High costs and the lack of government subsidies or incentives make the U.S. more costly compared to regions where governments off that. Canada pours $4 billion a year in subsidies into its industries, including games. And it has attractive tax breaks that make the cost per employee about 25 percent of the U.S.
Canada, however, can’t beat the U.S. in sheer population. To some perspective on the comparison, the state of Washington alone has 423 game companies with 20,800 employees.
Game industries can’t be taken for granted. Sometimes they fizzle, due to war, layoffs, or acquisitions.
I heard from Nvidia’s CEO there are about 1,500 startups in artificial intelligence right now. Those suck a lot of jobs out of game companies in Silicon Valley. Some AI engineers in Silicon Valley are getting salaries around $1 million a year, according to our AI reporter Jordan Novet. It’s the hottest new thing. The presence of competing industries next to the game industry can make the game industry look really bad in the U.S. It can pull jobs out of the game industry because there’s something better down the street.
But governments don’t have to be helpless. There are things you can do to reduce the region’s risk of losing its game industry. I’ve listed some of those ideas above.
Top game job postings by city
This was another interesting chart from Indeed.com, where the number one city in the world – where you should all move right now – is Seongnam, South Korea. They have the most jobs posted out of any city in the world. Again, looking at where San Francisco is, it’s number 13 on the list. Bellevue, Washington has more jobs open than Silicon Valley. But again, this makes me ask more questions. Why is this? I’d ask the whole game industry to help us figure out the answers.
It was eye-opening to see who the largest public game companies are. Tencent, from China, is the largest game company in the world. This is what I like about the games business. Everything is weird and unpredictable. Supercell, with 250 employees now, is valued at $10 billion, based on a real transaction. It’s worth more than Ubisoft, with 10,000 employees, valued at $3.7 billion. Ubisoft maybe isn’t as capital efficient as they might hope.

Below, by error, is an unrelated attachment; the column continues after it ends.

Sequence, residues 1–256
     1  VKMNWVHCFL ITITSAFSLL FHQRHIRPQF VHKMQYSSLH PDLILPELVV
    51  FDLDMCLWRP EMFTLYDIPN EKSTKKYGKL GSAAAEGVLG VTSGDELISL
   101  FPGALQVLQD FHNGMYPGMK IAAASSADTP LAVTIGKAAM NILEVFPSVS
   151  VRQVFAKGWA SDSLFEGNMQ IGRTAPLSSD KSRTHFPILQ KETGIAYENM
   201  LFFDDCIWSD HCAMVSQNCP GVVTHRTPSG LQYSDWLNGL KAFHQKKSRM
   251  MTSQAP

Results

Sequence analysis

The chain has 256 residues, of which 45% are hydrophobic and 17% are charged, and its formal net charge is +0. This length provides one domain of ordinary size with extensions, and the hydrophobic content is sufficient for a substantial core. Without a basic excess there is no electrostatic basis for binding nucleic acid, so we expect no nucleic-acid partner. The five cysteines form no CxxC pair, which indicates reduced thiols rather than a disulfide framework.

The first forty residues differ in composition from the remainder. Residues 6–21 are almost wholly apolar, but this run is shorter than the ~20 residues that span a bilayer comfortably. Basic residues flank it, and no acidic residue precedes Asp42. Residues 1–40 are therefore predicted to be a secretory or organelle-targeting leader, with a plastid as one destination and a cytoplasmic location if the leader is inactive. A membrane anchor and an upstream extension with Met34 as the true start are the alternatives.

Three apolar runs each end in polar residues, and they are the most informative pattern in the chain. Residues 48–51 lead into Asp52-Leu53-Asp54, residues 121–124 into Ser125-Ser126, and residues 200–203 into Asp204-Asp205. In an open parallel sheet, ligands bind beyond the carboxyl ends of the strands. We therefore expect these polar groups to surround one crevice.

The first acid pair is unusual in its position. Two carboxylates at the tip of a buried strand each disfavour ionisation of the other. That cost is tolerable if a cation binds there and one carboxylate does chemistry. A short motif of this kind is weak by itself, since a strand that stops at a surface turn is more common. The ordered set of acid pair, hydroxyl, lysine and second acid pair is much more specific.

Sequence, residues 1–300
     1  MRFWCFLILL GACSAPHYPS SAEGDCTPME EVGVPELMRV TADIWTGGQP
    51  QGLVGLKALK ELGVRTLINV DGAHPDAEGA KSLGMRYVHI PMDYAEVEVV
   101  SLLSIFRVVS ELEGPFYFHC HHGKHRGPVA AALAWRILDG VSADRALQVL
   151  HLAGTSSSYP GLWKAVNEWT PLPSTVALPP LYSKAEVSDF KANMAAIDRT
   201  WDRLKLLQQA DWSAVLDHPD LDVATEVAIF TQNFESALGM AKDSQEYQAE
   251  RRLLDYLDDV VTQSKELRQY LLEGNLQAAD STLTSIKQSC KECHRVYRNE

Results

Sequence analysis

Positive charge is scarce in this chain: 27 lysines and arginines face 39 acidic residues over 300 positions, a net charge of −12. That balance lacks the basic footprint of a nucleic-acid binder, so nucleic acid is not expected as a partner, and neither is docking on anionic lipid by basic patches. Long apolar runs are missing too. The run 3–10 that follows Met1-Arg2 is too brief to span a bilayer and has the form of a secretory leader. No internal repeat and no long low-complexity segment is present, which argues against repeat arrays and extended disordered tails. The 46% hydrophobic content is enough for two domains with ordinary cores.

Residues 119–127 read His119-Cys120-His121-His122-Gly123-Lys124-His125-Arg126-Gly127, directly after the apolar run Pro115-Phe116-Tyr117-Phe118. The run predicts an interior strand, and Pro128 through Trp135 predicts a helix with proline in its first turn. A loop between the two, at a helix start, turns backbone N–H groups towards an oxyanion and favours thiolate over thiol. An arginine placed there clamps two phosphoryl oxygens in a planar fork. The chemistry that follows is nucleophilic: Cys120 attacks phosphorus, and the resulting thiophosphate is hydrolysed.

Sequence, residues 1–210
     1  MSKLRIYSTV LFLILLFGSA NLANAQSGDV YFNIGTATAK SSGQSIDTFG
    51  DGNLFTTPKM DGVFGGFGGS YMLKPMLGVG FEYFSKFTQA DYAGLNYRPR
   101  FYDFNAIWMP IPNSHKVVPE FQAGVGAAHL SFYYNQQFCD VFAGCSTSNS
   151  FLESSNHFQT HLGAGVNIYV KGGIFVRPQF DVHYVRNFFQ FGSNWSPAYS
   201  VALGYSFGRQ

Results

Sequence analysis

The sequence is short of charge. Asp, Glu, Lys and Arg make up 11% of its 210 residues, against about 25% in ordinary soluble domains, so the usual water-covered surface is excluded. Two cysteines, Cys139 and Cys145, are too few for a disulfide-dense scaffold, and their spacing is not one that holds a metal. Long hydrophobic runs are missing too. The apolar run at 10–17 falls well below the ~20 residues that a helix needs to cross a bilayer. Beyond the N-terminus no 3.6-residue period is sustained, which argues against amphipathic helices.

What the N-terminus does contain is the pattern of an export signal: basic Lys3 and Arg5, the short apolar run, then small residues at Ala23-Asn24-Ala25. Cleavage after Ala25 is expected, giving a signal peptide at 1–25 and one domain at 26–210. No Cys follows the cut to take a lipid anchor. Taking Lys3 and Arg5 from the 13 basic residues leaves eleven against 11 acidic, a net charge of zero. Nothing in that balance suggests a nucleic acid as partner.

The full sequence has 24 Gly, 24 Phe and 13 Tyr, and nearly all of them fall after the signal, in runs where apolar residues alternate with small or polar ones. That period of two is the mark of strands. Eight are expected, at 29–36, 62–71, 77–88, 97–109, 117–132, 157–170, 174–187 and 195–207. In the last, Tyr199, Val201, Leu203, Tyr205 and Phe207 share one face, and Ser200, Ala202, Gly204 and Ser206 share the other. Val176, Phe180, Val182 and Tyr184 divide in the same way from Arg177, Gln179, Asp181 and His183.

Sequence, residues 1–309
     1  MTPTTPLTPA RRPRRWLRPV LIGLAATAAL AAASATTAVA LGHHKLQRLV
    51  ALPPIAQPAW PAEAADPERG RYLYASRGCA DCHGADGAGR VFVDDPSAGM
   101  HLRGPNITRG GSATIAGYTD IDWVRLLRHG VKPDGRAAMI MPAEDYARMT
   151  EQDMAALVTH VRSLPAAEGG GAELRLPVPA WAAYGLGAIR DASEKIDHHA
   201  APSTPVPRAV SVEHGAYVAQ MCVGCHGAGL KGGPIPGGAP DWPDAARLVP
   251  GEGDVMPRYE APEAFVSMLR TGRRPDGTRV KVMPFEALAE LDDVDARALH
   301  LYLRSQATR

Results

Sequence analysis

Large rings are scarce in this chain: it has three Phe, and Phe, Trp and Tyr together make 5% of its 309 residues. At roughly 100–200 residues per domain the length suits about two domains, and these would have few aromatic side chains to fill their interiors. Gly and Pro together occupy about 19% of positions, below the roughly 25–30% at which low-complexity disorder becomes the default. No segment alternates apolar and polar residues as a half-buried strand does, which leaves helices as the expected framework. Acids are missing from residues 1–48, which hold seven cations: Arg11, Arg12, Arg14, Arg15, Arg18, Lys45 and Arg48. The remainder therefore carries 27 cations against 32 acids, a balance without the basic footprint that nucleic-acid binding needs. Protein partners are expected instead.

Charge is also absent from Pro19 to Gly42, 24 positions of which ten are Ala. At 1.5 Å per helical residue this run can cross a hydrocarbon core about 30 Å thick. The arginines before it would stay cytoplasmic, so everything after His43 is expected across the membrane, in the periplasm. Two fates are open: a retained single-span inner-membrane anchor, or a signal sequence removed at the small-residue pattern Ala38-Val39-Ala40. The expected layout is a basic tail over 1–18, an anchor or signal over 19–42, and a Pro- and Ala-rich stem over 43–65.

A lot of the strongest leaders in the game industry are platform owners. Mixi got on the list on the strength of a single mobile game. In the first half of 2016 we saw a little bit of change, but not much.
Where the jobs will be
As I mentioned before, if there’s a reason to change the order of things in the world, new platforms are the way to do it. To invest heavily, to dive into new regions, platforms are the way to create new jobs. The new platforms that could create more jobs in the future include VR, AR, esports, toys to life, and TV.
China is strong, but ultimately you run into the problem of government censorship. It’s not necessarily the best place in the world for creative professionals. China is strong in mobile and PC games, but not so much in console. It is making a huge push into VR via its Internet cafes. Tencent has bought stakes in Supercell, Activision Blizzard, Riot Games, Miniclip, Epic, and Glu Mobile.
Israel has a very interesting history. It started in online gambling, but that expertise served them very well with the rise of social casino games. The largest social casino game maker, Playtika, grew to well over 1,000 employees, and was then acquired by a Chinese company for $4 billion.
M&A activity can have a very big effect on what happens to your region and where the strength of the game economy is. If someone from another region acquires a company, they have different interests than necessarily keeping jobs in your city or your country.
85 percent of Spain’s 480 companies didn’t exist 10 years ago. With that number, it’s not a surprise that they recently had a big exit with Social Point getting acquired by Take-Two Interactive for more than $250 million.
Things can change. In Israel and Ukraine, we found out that geopolitics can matter. When countries go to war, that’s not good for the game industry. We all learned that playing Civilization. If you go to war, it’s rarely good for your empire. Austin had a vulnerability in that it was especially dependent on the MMO industry. They had lots of MMO companies, and when the smaller MMOs were all killed off by World of Warcraft, those companies disappeared.
Immigration policy in the U.S. is not going to give the industry an advantage over the next four years. Canada is strategizing right now with regard to taking advantage of Donald Trump, and they’ll probably have a lot of success. The game industry should welcome people and welcome games. We’ve seen governments obsess over violence in games, how to regulate games, how to keep them out of the hands of children. We see some regions where people grow up playing games and some regions where they don’t. India didn’t have a history of people playing games, and they’re not as far up the food chain in the industry today.
The idea of a food chain is appropriate as far as how countries and regions can strategize about how to grow in the future, how to move up. You can start with game testing at the very bottom. At the top of the chain, I guess, is Grand Theft Auto, or something along those lines. Your industry should level up, just as game developers level up, to stay ahead of a commodity war at the bottom of the food chain.